Overall, I feel the optimal use of this book would be an insect swatter, home insulation, fire starter, doorstop, really anything besides reading.
Pages: 397 Publish Date: February 16, 2010
After reading the synopsis I knew this was a novel I had to decipher, but wasn’t sure what to expect as I had never read anything by this author before. This novel is written by Stephen King’s son Joe Hill (Joe Hillstrom King). I can tell you that he is not as good as his father, but I believe in time he could accomplish the suspense and horror his father contributes to literature. That being said, I am only giving this opinion based on this novel, not of his other two. Joe has two other novels I have not read but will, eventually.
This is a narrative of Ig (our protagonist), his love & loss of a girl, and his spiral into madness. After an immense tragedy, a community is torn & therefore looking for a scapegoat. Throughout the novel Ig is said scapegoat. There are many characters involved that are complex, but none so complex that it takes away from the story. One of my favorite characters is Lee Tourneau. He is everything you hate, but a character developed so perfectly you kind of admire him.
I will never look at a shopping cart the same.
My admiration of Joe Hill is at a 3 ★ (out of 5), but as I said before, he could be the next great suspense / thriller writer of our time. Actually I’m going to add a 4th ★ due to the fact that his movie adaptation was better than any of his father’s.
Ending (yes most important) was somewhat hard to read. I think it is one that is not absolute. Everyone can philosophize on what it means. So, my dear friends, I will let you draw your own conclusions & leave my hypothesis out of this one.
Pages: 252 Publish Date: September 26, 2006
I know my last review of a Gillian Flynn novel (“Gone Girl”) wasn’t the greatest, but I decided to give the author another chance. The reasons being I felt she had potential and the areas where her stories are set I am familiar with. Previously I did not speak highly of her as a writer. This novel has been a total redemption of her writing ability, which is striking because this was her debut novel. I now hold Gillian Flynn in a higher esteem than I would most modern-day novelists.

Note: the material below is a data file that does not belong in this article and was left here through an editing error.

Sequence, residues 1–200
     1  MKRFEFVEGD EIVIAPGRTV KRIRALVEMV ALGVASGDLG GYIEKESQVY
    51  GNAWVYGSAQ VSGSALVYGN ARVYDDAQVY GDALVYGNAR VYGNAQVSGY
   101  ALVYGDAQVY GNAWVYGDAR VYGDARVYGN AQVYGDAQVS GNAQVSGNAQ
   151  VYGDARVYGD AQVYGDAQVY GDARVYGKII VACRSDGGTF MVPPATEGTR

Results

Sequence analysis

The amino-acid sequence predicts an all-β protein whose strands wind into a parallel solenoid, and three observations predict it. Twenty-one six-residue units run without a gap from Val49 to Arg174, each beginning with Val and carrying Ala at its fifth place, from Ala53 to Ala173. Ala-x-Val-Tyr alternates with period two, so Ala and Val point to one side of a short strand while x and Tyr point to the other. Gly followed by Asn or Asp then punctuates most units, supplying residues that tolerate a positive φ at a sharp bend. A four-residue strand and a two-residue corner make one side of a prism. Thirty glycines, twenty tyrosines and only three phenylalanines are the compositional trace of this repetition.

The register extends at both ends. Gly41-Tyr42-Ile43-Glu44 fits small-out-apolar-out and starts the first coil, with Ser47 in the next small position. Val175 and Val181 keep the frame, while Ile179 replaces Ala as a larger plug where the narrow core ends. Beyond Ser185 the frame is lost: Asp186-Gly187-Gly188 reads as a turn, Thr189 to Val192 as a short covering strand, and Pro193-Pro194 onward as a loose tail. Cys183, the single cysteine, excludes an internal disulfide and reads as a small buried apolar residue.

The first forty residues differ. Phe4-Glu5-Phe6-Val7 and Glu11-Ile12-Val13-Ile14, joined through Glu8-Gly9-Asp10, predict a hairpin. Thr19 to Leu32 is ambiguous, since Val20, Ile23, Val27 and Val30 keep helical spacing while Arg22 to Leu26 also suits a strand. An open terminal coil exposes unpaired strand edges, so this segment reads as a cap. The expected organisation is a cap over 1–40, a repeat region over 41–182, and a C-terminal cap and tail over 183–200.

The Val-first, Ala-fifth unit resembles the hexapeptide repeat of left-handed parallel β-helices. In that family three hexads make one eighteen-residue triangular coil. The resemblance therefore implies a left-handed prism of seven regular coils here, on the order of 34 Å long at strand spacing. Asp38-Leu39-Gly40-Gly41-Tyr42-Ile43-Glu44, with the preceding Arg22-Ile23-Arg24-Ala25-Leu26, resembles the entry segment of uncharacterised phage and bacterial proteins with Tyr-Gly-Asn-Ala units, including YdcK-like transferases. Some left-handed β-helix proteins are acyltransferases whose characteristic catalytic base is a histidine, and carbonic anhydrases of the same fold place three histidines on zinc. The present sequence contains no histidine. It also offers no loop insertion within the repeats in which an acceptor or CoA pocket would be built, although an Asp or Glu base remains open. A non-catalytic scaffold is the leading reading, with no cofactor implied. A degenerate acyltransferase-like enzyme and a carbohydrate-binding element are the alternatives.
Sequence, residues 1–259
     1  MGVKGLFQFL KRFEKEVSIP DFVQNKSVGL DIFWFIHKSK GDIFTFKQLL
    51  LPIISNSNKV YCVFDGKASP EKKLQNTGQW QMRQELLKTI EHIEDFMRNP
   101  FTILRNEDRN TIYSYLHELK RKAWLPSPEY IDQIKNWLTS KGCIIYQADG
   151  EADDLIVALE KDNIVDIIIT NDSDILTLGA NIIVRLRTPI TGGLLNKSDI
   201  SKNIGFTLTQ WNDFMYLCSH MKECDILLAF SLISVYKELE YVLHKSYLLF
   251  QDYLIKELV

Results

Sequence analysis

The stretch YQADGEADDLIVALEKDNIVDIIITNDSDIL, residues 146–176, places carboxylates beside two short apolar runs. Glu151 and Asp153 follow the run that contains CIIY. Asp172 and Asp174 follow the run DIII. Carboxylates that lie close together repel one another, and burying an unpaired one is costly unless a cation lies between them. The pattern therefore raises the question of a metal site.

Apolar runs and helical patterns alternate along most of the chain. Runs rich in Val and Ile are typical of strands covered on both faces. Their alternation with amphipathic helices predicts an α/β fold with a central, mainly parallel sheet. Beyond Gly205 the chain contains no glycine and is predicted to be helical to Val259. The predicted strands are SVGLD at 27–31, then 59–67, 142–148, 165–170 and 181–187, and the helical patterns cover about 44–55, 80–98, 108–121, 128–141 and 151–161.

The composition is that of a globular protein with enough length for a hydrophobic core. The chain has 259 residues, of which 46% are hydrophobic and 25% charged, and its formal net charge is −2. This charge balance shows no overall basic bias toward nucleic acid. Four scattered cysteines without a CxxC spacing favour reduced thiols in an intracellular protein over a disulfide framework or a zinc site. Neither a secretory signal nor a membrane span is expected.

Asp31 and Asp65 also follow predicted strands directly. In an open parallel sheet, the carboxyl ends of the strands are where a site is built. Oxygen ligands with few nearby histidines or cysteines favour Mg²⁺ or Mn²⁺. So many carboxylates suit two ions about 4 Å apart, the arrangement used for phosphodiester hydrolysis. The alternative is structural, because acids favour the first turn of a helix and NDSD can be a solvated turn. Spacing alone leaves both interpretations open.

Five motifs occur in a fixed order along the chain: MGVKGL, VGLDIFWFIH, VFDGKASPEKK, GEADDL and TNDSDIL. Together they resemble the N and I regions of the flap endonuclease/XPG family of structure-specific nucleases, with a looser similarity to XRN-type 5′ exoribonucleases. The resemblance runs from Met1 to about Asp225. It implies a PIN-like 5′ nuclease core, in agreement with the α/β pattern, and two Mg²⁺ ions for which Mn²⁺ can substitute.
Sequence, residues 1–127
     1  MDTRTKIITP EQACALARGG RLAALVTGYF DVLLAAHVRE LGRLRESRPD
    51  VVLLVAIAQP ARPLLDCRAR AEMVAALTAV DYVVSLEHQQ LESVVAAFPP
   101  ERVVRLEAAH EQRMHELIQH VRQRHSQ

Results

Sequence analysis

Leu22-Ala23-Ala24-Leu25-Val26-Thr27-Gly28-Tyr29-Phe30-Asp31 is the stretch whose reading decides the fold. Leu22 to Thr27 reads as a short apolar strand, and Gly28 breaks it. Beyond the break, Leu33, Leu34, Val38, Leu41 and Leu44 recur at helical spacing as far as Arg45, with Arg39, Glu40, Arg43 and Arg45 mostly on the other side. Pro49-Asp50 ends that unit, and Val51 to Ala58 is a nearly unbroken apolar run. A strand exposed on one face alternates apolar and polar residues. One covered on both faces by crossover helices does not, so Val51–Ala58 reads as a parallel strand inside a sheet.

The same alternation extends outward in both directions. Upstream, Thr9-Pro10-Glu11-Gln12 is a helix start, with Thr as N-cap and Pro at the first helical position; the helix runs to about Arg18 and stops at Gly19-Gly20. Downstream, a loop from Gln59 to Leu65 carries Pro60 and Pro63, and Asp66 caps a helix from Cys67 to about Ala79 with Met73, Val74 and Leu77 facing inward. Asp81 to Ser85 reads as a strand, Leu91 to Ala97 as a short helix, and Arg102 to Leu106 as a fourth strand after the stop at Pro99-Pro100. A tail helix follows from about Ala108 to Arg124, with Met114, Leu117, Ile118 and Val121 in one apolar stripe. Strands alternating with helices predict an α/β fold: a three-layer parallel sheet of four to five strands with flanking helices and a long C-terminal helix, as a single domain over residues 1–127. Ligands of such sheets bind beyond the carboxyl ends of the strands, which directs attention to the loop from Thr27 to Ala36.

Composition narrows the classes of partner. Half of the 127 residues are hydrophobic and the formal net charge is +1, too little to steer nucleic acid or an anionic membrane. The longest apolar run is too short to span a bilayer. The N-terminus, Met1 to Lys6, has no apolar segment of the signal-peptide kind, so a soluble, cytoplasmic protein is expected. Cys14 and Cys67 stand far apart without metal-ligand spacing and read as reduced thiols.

“Sharp Objects” is a story about a woman named Camille, who is a reporter for a newspaper in Chicago. She gets an assignment about a series of murders of young girls due to the fact that they occurred in her hometown. Camille has a history of being a cutter (of a unique variety) and very much dreads the return to see her family, with very good cause. The cast of characters are all believable and relatable, albeit crazy in their respective ways. The emotions and relationships conveyed in this novel are very engaging as well. They seem to be so real in fact, that I wonder how many of the characters are based on actual relationships. She also touches on Munchausen by proxy, which was a nice and rare twist.
I do not wish to divulge any spoilers, so I will leave you with my thoughts on the ending (as usual). There are so many persons of interest that I had trouble deciding who I thought the killer was, but the ending was refreshing and did not embitter me in the least!
Pages: 480 Publish Date: May 14, 2013
This is one of the few novels I anticipated so much that I pre-ordered it. I think Dan Brown has considerable talent & I always look forward to his next project. I will admit I got myself very worked up counting down the days until I could tear into it.
Now to the ugly truth. I was less than impressed with Dan Brown’s writing in this, his fourth novel in the Robert Langdon series. He usually mixes the perfect concoction of history, drama, suspense, & visuals. The major problem I had with this novel was his formula was asymmetrical. He focused too much on giving the reader visuals, so much so that at points I was bored & wanted to skip pages. At times it actually almost felt like a guidebook rather than historical fiction. I know he travels a lot for his research & this undeniably had a Frommer’s feel to it. The story in it’s base form was highly entertaining, although the symbology & hunt for said symbols was not as good as in “The DaVinci Code”. High points? It did have a skillful & flawless ending. Dan Brown also managed to provoke thinking on the ever present issue of overpopulation.
It was on the NYT bestseller list for 17 weeks (11 of those weeks at #1) which I find truly remarkable because of the mixed reviews it received. In the end, I miss the sense of urgency that Dan Brown is known for, so I give it a 3 out of 5 stars. I will invariably look forward to Dan Brown’s future work & what secrets it may have the world contemplating.